What does it mean to never give up? Adoptive parents Lori and Karl share a story about bringing home their daughter, Nadia.
“We have four; two biological sons and two adopted daughters.”
“Delaney was adopted in 2002 from Kazakhstan and Nadia was adopted in 2007 from Russia. We got home back to Texas and you know everything . . . it just started. The rages started . . .”
“All hell broke loose.”
“Let’s cut to the chase. Nadia would be the sweet charming little girl that you saw in Russia, to this possessed child that would just react. So, she would take things and throw them at me, and she would pull my hair and, she was like little sparrow, but she could kick the living daylights out of you. I’d have to step back, let her rage, go into my room literally, and just say. ‘God please, give me strength to go back in there.’ And I’d be shaking like crazy.”
“It had gotten so bad. She was raging every day, Lori was getting beat up all the time, Nadia was wrecking the house, she was wrecking everything–“
“Wrecking our lives.”
“Yeah. She was just wrecking . . . wrecking everything.”
“We’ve been asked so many times, ‘Why did you adopt her? Get her on a plane. Give her back.’ We’ve had family members say that: just put her on a plane, get her a ticket, go take her back to Russia . . . It’s like, you don’t understand. She’s our daughter. ‘But how can you get beat up?’ We’re going to overcome it. We’re going to overcome it because we’re a strong faith family, we’re committed, and she’s just . . . she’s an integral part of our life. I mean, she is our daughter.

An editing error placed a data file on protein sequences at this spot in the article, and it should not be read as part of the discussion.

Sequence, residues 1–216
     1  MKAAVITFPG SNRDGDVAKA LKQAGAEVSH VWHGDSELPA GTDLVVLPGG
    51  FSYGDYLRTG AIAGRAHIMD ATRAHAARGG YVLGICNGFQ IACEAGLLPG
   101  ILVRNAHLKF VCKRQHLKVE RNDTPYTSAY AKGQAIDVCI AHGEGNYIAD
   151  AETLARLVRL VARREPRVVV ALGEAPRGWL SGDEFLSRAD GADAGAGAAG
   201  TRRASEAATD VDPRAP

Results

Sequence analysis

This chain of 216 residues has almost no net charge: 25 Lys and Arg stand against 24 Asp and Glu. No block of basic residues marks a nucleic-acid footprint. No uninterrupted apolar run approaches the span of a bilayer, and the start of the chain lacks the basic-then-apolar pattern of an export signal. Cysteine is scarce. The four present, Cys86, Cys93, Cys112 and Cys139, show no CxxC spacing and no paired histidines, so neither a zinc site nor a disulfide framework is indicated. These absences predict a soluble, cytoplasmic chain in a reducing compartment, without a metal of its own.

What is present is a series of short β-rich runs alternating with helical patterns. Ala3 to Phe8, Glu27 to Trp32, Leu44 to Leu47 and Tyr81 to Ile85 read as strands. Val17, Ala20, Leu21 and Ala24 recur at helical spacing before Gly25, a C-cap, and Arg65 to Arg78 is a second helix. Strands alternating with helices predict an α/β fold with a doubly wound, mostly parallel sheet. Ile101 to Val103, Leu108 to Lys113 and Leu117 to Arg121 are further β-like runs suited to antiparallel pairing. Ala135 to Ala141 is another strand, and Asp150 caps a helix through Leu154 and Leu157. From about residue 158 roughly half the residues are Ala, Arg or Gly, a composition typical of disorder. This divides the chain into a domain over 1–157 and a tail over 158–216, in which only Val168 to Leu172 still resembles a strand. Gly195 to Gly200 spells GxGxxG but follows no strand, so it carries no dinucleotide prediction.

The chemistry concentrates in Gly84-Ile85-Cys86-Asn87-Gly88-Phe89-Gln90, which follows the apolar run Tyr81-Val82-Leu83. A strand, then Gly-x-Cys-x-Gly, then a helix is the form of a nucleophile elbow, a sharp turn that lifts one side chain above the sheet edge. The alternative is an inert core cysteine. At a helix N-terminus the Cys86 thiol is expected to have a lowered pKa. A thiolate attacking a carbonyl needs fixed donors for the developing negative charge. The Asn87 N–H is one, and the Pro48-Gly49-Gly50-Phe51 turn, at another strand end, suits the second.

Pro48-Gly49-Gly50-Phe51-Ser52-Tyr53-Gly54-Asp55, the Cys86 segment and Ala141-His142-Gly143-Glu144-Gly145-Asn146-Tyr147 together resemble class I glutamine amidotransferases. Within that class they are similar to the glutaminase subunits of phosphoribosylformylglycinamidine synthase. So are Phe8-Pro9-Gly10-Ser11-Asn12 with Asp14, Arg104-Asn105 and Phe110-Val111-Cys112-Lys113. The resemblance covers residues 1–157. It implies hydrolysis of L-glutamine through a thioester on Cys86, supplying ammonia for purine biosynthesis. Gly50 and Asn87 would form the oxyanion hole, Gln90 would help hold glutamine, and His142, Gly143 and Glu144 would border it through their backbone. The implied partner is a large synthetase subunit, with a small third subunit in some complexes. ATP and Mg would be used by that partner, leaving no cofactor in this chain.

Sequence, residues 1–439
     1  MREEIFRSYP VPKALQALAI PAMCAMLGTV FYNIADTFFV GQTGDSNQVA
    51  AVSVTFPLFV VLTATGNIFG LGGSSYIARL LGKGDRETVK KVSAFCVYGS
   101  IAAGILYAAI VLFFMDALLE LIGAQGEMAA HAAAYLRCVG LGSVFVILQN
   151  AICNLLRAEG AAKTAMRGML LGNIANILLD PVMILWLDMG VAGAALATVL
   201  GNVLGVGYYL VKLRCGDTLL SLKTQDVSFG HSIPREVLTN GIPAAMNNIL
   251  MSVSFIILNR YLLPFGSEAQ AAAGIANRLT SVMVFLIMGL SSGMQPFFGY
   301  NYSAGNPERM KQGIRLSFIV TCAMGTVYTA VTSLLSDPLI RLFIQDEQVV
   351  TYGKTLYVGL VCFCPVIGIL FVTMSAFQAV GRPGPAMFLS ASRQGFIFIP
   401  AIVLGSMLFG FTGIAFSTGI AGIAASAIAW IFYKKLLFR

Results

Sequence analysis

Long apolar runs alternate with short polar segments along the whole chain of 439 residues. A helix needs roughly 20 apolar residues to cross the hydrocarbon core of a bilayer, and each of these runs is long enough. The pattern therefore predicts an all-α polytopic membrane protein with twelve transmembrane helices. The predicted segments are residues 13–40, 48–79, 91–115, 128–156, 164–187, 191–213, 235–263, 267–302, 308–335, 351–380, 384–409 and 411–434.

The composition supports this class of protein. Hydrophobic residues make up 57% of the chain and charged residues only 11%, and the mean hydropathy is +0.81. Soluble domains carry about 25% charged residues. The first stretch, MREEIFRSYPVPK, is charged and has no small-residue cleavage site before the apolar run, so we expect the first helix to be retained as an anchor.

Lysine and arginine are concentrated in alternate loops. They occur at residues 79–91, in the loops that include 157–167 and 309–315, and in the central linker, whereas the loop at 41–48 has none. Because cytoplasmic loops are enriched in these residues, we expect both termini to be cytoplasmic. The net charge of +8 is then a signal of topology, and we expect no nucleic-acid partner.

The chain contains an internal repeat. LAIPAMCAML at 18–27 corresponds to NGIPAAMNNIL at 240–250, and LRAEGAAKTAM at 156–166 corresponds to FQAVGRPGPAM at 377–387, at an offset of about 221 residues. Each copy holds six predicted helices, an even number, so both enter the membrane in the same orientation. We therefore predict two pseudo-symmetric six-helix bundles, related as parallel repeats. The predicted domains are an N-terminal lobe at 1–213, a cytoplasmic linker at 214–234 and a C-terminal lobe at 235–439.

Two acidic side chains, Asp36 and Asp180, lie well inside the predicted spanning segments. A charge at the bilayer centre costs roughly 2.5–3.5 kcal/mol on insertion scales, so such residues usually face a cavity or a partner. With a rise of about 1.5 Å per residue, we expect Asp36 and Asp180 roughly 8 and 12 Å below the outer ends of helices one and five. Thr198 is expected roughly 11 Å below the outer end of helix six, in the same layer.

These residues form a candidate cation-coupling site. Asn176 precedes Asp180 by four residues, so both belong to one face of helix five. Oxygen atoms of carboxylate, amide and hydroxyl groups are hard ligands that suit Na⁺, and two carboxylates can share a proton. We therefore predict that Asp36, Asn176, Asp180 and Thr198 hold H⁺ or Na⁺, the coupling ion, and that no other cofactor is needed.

“How do we remain hopeful? Well, Nadia’s name means hope.”
“The progress that she’s made, too—“
“That that gives you hope. I mean she’s come a long way from, obviously, the Moscow days when we first got her, but, you know, now it’s just like night and day. It’s totally different now.”
“There’s always a twinkle, a little light, that you have to find to pull yourself through. Every single day, the minute little things: if she said ‘thank you,’ or when she smiled. Write those things down, because you’ll get lost without it. You’ll get totally lost—you’ll think that you’re defeated. But when you write down these moments, so that when things are really bad, and I thought that I couldn’t get through another day, I would look and the list was getting longer and longer and longer and I’m like ‘wow.’ You’re actually making progress and you’re doing a good job as a parent.
“She showed us what it means to be a mom and a dad to somebody that really doesn’t—not to give up because that’s what she had all her life, everybody gave up.”
“I think a lot of parents do give up, you know. Nowadays, even with their biological children, they give up. But that’s not something that you can do. Keep thinking that, you know, tomorrow’s another day, just another day—a new day and you just, you know, start all over again.”
“Nadia has given us hope. And there is hope for every parent out there. Never give up on hope because if you give up on hope, then there is no hope in the world and we can’t function in a world without hope.”